Mar 20, 2024

Making an impact with his actions and artificial intelligence

He always knew what he wanted: to provide support where it makes the most sense. For Andréas von Känel, that is a clean and sustainable environment. As CEO and co-founder of Cortexia, he has been helping to keep cities clean with fewer resources thanks to artificial intelligence since 2016. Over 50 cities in Europe now rely on the solution. And the number is growing. But that's just the beginning: Andréas sees great potential in the circular economy too.

Andréas, what drives you every day?

We are currently still in a linear economy. We consume our resources as if there were no limit. For me, it is therefore a matter close to my heart to support the circular economy and counteract climate change.

After graduating in fluid mechanics from EPFL, you helped develop the Ariane 5 rocket with other engineers in Normandy. After intermediate stations in glass construction and rail maintenance, you led the solar system business of Pasan AG, later Meyer Burger, from small series to mass production as CEO. You were a mentor at Innosuisse, the Swiss Agency for Innovation Promotion. You have been co-founder and CEO of Cortexia since 2016.

What is your biggest learning from all these stages?

In principle, everything is achievable with technology. I see the hurdles more in terms of people. Because in all my jobs, I've increasingly realized that it's the people you have to move. Change is difficult. And this is where I try to get involved with solutions that make sustainable living easier for us humans.

"It's the people you have to move. And this is where I try to get involved - with solutions that make sustainable living easier."

How did you at Cortexia come up with the topic of fleet management and urban cleanliness?

While I was working at Innosuisse, I met the founder of an engineering firm that deals with fleet management for municipalities. One of his customers asked him how many sweepers he needed to keep a city clean. He couldn't answer this simple question and looked into it. He found out that most municipalities routinely have their cleaning vehicles drive to the same places - regardless of whether this is necessary. We thought: we can make a difference here.

"It's very important for me to do something that makes sense."

Together with renowned research partners, you then developed the Cortexia Box. How does the Cortexia Box work and what makes it so valuable?

The Cortexia Box looks simple, but it has it all - and is patented. We developed it in collaboration with the Artificial Intelligence Laboratory at EPFL. This is one of the world's leading institutes and already understood something about deep learning when only a few people could spell the words. Another important partner was Nvidia. The box is mounted on the city cleaning vehicles. With its camera, it collects and processes vast amounts of data on the cleanliness of the cityscape. All relevant data is then evaluated on our platform and helps with efficient deployment planning.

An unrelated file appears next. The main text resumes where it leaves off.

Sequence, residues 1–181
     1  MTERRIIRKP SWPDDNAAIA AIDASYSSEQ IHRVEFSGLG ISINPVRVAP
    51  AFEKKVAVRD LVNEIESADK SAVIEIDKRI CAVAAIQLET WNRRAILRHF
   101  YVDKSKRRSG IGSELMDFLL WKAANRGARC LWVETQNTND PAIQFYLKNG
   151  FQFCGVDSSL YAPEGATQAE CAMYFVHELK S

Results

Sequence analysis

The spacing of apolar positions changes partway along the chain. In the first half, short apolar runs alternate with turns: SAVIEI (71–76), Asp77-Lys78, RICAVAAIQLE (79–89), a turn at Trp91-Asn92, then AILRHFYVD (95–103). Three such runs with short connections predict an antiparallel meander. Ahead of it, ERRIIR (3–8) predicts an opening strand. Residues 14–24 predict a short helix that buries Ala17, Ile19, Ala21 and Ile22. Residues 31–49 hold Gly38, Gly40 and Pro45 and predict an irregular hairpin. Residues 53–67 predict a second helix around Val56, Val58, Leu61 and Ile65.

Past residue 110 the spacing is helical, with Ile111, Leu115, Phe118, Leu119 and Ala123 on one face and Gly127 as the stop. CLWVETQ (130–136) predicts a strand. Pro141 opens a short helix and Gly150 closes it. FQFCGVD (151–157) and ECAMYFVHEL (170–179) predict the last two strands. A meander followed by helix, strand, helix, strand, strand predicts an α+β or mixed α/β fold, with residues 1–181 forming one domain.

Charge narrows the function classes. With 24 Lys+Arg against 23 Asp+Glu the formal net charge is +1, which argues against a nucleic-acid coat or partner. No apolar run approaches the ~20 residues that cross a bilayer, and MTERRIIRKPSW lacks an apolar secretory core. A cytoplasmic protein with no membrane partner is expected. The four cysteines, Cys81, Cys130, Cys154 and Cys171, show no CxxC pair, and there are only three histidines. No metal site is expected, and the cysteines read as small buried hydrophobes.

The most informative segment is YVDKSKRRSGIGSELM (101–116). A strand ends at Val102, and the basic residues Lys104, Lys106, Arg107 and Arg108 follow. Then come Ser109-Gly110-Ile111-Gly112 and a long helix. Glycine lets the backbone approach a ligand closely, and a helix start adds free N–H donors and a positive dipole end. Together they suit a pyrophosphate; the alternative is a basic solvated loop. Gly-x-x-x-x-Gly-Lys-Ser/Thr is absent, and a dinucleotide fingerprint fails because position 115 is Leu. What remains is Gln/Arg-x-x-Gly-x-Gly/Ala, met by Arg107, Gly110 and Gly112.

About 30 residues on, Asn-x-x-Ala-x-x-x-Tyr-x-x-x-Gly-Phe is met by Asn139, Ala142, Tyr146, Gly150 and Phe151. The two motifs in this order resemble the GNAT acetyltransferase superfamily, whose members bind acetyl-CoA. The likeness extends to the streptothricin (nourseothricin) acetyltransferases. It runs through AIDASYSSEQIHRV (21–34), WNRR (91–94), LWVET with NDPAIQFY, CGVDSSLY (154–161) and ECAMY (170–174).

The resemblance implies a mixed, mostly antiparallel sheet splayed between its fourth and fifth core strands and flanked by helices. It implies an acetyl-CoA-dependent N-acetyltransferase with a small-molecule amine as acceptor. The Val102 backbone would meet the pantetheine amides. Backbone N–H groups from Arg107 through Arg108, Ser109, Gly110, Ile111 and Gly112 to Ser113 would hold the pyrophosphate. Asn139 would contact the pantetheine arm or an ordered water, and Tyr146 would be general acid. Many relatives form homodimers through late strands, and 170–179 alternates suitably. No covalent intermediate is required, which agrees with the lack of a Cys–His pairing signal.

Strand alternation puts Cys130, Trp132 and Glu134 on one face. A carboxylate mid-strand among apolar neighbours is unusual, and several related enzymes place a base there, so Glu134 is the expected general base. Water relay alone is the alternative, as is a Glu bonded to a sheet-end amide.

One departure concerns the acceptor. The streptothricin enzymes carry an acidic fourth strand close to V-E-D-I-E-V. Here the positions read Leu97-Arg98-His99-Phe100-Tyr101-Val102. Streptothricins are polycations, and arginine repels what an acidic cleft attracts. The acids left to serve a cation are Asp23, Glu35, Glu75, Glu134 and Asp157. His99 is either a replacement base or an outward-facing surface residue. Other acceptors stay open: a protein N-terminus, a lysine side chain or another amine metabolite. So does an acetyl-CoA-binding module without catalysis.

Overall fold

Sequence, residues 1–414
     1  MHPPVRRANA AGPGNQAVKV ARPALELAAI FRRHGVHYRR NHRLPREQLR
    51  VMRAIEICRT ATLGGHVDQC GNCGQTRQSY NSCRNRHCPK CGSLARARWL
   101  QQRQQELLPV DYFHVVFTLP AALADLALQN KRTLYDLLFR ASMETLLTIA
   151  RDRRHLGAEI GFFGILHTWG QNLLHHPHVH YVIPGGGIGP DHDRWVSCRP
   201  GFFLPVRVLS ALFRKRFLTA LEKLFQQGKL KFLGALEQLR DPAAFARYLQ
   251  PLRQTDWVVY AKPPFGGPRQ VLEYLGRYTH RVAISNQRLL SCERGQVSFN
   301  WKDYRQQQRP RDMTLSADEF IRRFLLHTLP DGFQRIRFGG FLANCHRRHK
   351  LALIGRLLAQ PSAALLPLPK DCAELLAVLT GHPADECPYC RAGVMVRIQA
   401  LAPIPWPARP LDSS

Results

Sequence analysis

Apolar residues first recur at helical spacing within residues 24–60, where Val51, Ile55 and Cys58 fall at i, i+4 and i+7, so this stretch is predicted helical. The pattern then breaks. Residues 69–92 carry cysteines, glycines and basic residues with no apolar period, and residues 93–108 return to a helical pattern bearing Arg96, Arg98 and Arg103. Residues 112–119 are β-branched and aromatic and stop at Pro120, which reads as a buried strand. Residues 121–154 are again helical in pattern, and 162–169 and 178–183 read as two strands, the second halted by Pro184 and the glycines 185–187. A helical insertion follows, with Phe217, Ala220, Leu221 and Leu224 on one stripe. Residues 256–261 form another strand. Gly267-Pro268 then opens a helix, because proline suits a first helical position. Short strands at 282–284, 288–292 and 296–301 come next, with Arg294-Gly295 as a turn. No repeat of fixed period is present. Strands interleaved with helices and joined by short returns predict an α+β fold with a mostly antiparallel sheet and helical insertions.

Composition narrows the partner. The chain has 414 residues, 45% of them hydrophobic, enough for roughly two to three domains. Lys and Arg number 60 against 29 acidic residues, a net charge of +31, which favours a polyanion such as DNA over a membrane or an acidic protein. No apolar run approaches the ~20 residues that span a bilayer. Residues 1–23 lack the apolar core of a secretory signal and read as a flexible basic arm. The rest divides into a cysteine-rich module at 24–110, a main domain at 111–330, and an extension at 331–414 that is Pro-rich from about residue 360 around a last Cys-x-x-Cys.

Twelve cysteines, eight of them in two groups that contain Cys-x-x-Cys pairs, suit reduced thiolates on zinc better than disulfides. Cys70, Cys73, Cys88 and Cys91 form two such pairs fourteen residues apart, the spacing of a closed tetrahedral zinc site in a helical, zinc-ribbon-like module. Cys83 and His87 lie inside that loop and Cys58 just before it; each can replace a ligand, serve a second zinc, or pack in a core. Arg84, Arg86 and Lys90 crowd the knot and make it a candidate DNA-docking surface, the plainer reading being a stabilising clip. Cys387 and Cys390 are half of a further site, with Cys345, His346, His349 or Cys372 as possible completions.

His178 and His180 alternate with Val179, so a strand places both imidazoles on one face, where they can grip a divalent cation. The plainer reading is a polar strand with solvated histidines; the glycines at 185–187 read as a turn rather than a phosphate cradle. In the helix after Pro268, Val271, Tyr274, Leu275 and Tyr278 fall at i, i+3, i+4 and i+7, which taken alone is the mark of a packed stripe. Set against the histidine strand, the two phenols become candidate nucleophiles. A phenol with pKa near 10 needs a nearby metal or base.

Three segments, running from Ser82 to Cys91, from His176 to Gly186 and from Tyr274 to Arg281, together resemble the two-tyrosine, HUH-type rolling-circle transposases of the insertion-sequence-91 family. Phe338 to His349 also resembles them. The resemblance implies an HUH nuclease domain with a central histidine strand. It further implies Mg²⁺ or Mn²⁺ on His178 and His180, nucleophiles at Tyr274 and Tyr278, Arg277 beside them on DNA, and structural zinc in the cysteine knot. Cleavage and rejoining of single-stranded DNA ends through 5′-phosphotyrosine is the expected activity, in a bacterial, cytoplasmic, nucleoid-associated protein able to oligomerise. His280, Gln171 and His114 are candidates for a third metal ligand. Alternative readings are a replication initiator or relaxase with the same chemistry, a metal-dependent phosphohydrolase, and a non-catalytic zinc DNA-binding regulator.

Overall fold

"Thanks to Cortexia, city cleaning services can work 10 to 20% more efficiently and reduce their CO2 emission."

How can the Cortexia Box distinguish between clean and dirty? Isn't that very subjective?

We are based on the Clean City Index. It was developed in 2000. The Clean City Index uses a sophisticated catalog of different factors to measure a standardized state of cleanliness that is valid for all environments. This state of cleanliness ranges from 0 (dirty) to 5 (clean) and corresponds to the perception of the inhabitants. The Cortexia Box has the advantage that it is intelligent - and can make this distinction based on an automatic comparison of these criteria and the images collected by the camera.

Automation sounds good. What other advantages does the Cortexia Box offer?

In the past, city cleaners simply drove their routes as a matter of routine. With Cortexia, those responsible for cleaning can see where it is clean and where it is dirty. As a result, cleaning is only carried out where it is necessary. This saves valuable resources, the city cleaning service can work more efficiently and reduce the CO2 footprint of its fleet.

Does this mean that the city cleaning service saves fuel?

Yes, and even more. This is because many cities have set themselves the goal of a vehicle fleet that is as carbon-free as possible. However, the purchase costs of electric sweepers are still significantly higher than those of conventional thermal machines. It is therefore very helpful if you can work more efficiently - and thus achieve the same result with fewer vehicles, for example. The Cortexia Box helps with this.